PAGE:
Sacred Heart University’s College of Nursing has developed a faith community nurse program in collaboration with SHU’s pastoral care services and St. Vincent’s Medical Center in Bridgeport. The program will provide wellness and prevention programs to individuals at the University and in neighboring communities.
Rooted in the Judeo-Christian tradition, yet welcoming of all faiths, faith community nursing is a specialty practice embracing the view that God’s love is expressed in care for self and others.
Sue Goncalves, assistant professor at the College of Nursing, says her vision in developing the program at Sacred Heart “was to integrate the holistic approach to health philosophy into an educational institution committed to the same Judeo-Christian values and philosophy. I firmly believe the formation of a faith community nurse program at SHU’s College of Nursing is our obligation as nurses and educators, as well as a natural solution to help bridge the gap currently found in health care today,” she says.
Faith community nursing initiatives arise out of a changing landscape in health care. Traditional health-care systems have difficulty reaching local communities to educate and empower individuals to pursue healthier lifestyles and health-care management. Therefore, these responsibilities shift to the community. Faith community nurses—registered nurses who volunteer in a church or parish—have taken up the tasks. They provide holistic care to individuals and serve as advocates, referral agents and educators on preventive care. This broad network of faith community nursing around the world has now been linked with and extended to SHU’s community.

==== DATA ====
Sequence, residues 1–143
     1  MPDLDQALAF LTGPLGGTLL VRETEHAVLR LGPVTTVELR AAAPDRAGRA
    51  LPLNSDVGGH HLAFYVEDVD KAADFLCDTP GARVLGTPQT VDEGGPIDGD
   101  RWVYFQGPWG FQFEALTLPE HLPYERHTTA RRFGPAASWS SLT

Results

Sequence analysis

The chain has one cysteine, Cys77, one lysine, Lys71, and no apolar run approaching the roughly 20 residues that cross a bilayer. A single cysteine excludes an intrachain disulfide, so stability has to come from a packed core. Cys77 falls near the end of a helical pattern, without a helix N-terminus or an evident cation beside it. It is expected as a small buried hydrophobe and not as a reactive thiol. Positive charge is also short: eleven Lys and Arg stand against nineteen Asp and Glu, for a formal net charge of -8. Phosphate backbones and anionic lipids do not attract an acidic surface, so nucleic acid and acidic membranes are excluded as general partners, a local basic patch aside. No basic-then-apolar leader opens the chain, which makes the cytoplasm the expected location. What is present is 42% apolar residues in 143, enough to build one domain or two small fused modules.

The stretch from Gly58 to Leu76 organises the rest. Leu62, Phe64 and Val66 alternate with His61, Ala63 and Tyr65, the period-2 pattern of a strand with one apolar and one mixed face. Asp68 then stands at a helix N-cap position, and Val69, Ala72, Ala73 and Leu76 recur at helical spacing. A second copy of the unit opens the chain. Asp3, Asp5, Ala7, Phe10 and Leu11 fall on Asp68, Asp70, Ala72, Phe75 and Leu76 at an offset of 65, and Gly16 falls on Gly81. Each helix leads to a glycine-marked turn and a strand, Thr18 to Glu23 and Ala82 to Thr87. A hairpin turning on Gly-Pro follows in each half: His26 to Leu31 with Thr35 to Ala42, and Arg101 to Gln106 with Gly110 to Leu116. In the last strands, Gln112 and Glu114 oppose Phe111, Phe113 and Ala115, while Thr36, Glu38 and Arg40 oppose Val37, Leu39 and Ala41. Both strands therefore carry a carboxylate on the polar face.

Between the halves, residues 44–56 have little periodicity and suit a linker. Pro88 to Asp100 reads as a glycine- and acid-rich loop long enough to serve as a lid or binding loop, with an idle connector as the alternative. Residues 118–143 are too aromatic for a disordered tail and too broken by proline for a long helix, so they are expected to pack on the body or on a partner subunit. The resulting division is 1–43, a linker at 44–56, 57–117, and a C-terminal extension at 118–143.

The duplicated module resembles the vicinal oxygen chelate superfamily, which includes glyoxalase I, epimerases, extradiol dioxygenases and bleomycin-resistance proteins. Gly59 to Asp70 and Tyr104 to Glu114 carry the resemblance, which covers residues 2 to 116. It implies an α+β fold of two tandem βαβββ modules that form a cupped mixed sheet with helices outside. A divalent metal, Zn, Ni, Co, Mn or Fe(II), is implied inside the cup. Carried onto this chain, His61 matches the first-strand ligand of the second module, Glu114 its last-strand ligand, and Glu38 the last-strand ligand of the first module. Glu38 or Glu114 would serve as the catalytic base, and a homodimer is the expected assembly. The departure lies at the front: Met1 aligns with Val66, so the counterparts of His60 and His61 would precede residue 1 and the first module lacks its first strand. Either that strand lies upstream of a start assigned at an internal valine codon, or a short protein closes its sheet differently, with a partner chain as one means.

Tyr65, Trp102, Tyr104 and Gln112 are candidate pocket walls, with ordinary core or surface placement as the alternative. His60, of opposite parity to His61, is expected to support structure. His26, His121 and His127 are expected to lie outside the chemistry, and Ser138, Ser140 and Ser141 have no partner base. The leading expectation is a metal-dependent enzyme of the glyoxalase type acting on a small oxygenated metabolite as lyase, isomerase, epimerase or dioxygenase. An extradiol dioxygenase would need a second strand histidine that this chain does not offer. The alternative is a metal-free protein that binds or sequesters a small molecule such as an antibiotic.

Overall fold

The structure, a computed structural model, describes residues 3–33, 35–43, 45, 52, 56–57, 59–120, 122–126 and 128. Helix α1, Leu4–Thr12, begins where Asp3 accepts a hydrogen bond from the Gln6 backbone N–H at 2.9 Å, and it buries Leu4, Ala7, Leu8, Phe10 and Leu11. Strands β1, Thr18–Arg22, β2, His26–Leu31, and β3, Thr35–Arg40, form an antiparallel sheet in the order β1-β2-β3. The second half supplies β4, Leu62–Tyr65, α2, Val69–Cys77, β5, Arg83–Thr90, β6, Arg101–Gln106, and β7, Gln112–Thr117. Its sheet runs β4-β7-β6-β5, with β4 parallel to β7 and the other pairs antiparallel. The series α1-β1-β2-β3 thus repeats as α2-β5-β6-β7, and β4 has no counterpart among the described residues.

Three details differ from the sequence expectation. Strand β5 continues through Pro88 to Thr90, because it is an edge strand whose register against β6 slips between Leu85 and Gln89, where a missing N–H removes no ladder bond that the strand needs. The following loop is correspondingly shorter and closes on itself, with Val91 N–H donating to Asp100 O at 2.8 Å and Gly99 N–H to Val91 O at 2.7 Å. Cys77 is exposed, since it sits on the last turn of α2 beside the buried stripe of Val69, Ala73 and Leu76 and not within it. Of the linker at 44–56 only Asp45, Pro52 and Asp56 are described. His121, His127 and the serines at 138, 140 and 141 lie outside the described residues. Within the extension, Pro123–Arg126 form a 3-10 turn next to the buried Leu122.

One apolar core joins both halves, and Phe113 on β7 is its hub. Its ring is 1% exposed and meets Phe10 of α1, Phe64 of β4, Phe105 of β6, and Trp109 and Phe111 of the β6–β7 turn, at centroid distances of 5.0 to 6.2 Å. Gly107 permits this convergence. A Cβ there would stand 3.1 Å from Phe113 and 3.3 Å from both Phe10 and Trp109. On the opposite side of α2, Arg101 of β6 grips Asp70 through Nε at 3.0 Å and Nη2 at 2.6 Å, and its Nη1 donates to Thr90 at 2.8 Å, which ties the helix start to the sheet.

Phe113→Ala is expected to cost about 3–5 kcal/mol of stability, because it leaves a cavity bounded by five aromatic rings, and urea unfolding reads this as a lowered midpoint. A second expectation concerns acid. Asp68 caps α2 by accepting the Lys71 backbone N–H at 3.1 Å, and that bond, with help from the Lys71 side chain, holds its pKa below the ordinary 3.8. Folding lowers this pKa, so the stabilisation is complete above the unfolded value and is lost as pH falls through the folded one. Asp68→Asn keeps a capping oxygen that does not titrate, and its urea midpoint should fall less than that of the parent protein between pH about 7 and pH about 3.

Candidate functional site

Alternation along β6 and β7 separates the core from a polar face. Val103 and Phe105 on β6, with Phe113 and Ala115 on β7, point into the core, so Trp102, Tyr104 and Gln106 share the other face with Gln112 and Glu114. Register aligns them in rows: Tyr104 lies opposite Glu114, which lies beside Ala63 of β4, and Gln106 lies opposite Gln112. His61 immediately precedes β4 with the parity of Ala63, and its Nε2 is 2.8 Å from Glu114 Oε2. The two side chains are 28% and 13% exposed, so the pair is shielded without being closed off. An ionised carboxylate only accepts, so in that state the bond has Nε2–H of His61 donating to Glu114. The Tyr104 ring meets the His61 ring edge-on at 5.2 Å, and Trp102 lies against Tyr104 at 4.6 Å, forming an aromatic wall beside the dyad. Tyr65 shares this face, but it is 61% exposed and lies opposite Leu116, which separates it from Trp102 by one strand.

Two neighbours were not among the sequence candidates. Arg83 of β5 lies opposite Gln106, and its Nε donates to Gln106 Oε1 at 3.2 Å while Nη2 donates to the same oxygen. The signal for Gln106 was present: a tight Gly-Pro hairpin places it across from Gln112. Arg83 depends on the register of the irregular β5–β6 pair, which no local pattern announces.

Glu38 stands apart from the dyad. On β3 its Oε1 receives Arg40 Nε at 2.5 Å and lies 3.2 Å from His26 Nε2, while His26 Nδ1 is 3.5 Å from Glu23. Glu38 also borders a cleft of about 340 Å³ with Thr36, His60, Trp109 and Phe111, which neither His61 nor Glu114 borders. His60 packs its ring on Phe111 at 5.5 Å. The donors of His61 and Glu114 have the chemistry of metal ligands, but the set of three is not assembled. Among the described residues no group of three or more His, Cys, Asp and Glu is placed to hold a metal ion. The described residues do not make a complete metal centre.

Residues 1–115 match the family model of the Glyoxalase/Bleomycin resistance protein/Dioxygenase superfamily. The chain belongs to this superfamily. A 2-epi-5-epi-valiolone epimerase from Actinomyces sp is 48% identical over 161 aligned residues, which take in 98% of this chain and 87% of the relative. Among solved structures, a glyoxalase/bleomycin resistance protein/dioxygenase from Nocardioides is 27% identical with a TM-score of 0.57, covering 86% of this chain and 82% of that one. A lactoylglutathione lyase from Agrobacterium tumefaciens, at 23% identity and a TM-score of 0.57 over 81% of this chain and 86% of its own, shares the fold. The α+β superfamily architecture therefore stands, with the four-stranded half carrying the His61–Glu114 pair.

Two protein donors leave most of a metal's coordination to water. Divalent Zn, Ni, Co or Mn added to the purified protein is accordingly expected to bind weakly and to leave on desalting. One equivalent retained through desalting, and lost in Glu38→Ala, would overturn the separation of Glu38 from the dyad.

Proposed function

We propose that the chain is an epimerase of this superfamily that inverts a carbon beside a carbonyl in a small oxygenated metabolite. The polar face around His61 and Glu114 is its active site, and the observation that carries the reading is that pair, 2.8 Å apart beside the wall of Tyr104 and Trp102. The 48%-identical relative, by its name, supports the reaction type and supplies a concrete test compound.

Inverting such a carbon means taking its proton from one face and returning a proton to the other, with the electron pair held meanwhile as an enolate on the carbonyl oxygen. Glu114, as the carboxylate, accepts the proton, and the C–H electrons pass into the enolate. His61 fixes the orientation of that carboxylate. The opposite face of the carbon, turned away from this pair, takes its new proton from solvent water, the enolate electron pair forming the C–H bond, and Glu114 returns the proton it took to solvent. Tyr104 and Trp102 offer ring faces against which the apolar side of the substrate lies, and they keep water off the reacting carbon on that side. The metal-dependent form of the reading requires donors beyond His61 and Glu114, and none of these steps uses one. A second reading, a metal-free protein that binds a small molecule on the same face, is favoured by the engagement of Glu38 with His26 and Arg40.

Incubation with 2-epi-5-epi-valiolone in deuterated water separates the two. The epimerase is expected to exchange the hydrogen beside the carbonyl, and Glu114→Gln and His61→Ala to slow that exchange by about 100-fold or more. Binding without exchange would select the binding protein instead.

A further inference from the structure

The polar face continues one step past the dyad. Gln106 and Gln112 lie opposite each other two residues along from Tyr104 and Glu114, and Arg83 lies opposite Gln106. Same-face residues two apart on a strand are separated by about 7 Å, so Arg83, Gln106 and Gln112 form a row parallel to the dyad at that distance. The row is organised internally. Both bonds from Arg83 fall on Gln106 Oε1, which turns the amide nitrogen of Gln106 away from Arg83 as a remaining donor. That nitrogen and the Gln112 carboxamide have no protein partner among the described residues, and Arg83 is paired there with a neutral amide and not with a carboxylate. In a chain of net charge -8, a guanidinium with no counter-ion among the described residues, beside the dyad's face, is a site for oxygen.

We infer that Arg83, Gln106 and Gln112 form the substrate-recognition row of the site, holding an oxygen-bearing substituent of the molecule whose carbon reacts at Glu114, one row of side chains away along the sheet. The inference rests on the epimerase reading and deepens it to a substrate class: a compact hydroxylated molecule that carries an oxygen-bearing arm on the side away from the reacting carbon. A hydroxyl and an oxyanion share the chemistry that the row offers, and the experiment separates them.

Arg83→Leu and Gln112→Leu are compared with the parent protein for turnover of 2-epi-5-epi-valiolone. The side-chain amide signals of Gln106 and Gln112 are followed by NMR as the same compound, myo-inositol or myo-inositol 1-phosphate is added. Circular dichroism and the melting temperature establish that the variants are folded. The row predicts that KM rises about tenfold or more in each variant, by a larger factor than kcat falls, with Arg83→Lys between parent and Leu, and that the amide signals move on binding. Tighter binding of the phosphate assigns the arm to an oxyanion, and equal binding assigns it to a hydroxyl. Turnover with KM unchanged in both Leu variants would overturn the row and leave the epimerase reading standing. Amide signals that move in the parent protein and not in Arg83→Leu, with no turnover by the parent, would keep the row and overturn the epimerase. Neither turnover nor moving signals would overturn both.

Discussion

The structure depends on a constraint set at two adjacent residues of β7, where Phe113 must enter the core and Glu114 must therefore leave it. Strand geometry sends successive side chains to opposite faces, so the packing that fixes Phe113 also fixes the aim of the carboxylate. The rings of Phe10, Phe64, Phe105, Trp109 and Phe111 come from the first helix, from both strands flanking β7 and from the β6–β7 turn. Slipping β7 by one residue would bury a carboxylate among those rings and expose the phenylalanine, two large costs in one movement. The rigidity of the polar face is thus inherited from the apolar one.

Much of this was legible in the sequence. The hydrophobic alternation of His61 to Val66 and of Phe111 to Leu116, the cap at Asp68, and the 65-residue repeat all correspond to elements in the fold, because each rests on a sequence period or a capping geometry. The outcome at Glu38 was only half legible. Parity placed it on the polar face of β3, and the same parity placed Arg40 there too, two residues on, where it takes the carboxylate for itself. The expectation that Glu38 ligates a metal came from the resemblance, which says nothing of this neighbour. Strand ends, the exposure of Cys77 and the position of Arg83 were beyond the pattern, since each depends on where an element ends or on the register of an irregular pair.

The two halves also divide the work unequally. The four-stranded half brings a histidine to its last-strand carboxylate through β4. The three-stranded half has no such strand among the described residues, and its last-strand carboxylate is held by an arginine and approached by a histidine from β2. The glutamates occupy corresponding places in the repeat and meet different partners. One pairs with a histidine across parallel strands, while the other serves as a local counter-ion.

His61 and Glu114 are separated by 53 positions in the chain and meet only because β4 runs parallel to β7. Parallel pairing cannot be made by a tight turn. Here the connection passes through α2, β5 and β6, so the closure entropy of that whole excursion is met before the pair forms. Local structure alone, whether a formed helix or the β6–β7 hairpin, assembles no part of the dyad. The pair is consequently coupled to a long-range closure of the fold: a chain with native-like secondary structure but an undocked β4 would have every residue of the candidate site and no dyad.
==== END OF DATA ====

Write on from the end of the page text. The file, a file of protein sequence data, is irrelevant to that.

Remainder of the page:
Services range from routine health screenings to more comprehensive healing ministries among the sick, the poor and those spiritually in need. Central also to the program are role modeling and clinical experiences for Sacred Heart students who plan to enter the nursing profession.
The program already sponsored an educational event, “Breast Cancer Management in the 21st Century,” which was presented by the College of Nursing. Camelia Lawrence, surgeon at St. Vincent’s Breast Health Center, was the featured speaker.
“I believe there is a direct connection between spiritual wellness and physical wellness. As part of our pastoral services here at Sacred Heart, we are committed to supporting all initiatives that will provide wellness for mind, body and spirit,” says Larry Carroll, executive director of pastoral services at Sacred Heart.
The faith community nurse program at SHU is an extension of the mission of St. Vincent’s Medical Center, which has one of the most active faith community nursing programs in the world. The program coordinator at St. Vincent’s, Marilyn Faber, oversees more than 250 faith community nurses in various capacities. Goncalves will be the contact at Sacred Heart for Faber and for Bill Hoey, who oversees all mission services and activities at St. Vincent’s.
“Faith community nursing programming is near and dear to the mission of St. Vincent’s Medical Center. This is a wonderful way of extending the mission into the community. We’re thrilled to be partnering with Sacred Heart University,” says Hoey.
For more information on SHU’s Faith Community Nurse Program, contact Goncalves at 203-416-3943 or Goncalvess47@sacredheart.edu.